Although there’s no firm evidence that the Saint Joseph design was influenced by Panorama City, it’s surely not a coincidence. The workflow logic was identical, and the main differences were the stairwell, lobby placement, and lack of an external balcony. It looked more like an overhead view of the Starship Enterprise than a pair of binoculars.
“Building started at Saint Joseph,” Rocky Mountain News, Oct. 26, 1961:
Groundbreaking rites were held Wednesday for the new $8,771,560 addition to Saint Joseph Hospital. The new building, to replace most of the north hall of the hospital, will consist of a pair of 11-story circular towers. Each will a have nurses’ stations at the center, and no station will be more than 20 feet from any room.
The new circular towers will be the heart of the 88-year-old hospital. Saint Joseph will be the nation’s largest example of the new hospital design, according to Robert Irwin, architect. The circular concept means patients’ rooms and wards will radiate from the nurses’ stations in the center.Kaiser Permanente’s original Panorama City Medical Center was featured as The Modern Hospital’s “modern hospital of the month” in November 1962. In the seven-page article “Good Nursing is Core of Panorama Plan,” Sidney Garfield, MD, explained the “circles of service” design concept:
It saves steps for the nurses [in this case, patients are within 20 feet of the nursing station]; it reduces the number of special duty nurses; it keeps the nurses to a central area outside the patients’ door, and it is particularly useful for keeping patients under observation at night with a reduced nursing staff.
Saint Joseph Hospital Communications Manager Colleen Magorian added these details:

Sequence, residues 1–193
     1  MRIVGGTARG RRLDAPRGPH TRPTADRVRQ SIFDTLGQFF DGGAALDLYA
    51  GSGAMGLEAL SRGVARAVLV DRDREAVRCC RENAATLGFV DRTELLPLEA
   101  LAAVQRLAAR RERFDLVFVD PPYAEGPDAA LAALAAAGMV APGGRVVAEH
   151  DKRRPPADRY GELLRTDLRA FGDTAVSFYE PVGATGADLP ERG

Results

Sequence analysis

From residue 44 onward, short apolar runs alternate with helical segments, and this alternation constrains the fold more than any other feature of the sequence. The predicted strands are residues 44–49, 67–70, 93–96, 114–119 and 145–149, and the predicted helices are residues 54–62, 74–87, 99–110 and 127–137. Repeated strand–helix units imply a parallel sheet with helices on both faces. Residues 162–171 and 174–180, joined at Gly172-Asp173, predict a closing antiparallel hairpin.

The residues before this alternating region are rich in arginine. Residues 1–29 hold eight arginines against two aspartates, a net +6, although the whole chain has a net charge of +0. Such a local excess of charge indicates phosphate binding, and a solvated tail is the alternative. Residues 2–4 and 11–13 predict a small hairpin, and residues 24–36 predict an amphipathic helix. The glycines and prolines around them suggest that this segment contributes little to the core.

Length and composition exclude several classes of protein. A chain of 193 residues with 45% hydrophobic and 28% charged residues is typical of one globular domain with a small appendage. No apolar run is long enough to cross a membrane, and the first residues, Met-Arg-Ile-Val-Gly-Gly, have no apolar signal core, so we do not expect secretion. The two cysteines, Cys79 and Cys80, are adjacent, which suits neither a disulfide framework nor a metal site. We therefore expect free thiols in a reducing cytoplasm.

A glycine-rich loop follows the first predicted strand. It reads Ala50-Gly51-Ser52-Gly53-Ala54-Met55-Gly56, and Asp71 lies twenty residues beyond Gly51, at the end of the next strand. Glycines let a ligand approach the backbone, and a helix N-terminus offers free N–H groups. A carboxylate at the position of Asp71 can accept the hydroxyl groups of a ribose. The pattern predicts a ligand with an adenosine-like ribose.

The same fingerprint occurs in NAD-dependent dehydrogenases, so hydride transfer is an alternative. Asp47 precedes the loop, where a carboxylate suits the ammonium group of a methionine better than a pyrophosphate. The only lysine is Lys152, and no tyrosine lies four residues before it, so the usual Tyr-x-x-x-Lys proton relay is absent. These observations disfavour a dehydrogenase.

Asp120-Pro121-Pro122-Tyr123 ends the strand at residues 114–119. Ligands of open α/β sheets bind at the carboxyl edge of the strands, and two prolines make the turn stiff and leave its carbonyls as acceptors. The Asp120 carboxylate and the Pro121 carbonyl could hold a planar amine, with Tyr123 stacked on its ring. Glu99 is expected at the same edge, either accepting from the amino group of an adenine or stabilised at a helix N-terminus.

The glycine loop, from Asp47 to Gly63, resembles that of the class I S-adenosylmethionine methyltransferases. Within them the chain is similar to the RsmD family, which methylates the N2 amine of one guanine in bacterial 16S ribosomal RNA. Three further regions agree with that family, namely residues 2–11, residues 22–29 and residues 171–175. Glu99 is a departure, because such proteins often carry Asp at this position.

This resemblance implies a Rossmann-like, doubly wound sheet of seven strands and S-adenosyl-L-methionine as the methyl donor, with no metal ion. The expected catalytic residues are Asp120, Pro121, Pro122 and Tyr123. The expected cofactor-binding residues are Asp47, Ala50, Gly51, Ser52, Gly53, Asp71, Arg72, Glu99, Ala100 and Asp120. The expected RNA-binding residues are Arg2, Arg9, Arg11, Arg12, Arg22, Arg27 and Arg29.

The Saint Joseph Hospital “twin towers” were dedicated in 1964, so they were just more than 50 years old when our new hospital opened. The towers were part of an ever-expanding hospital that had been on the same site since 1898 and were inspired, in part, by the towers of the preexisting structure.
Predecessors to this design were a never-built Kaiser Permanente geodesic-dome-based facility from 1957, followed by the “Atomedic Hospital,” which originated in the early 1960s. But these facilities were never meant to be more than one or two stories tall.
Hospital architecture scholars Stephen Verderber and David J. Fine have noted that there are a few other examples of multistory “radial” layouts in the United States, all built in 1964-1965. These include the Lorain Community Hospital (Lorain, Ohio), the Scott & White Memorial Hospital (Temple, Texas), and the Central Kansas Medical Center (Great Bend, Kansas). The Prentice Women’s Hospital and Maternity Center in Chicago, which opened in 1975, was a unique version of this style with four radial towers. It was vacated in 2011 and was the subject of intense preservation efforts to avoid demolition. It was eventually torn down in 2014.
Prentice was designed by Bertrand Goldberg, who drew on learnings from anthropology and the field of “proxemics” (“the study of our use of space and how various differences in that use can make us feel more relaxed or anxious.”) It was praised for its innovative design and engineering prowess. However, many of the design weaknesses of the wedge-shaped rooms were noted as well. Architect and critic Jain Malkin pointed out that the most heavily trafficked side of the room was the narrowest, and in the case of Prentice, that the rounded exterior wall reflected and amplified sounds in a space that’s supposed to be quiet.
Of all of these architects, it was Dr. Garfield and his Panorama City vision that pioneered this bold experiment in improved workflow and patient care. And, as I saw in Denver that cold October morning, the circles of history closed in on the “circles of service.”
Special thanks to Stephen Verderber, and Colleen Magorian and Tiffany Anderson of Saint Joseph Hospital, for their help with this article.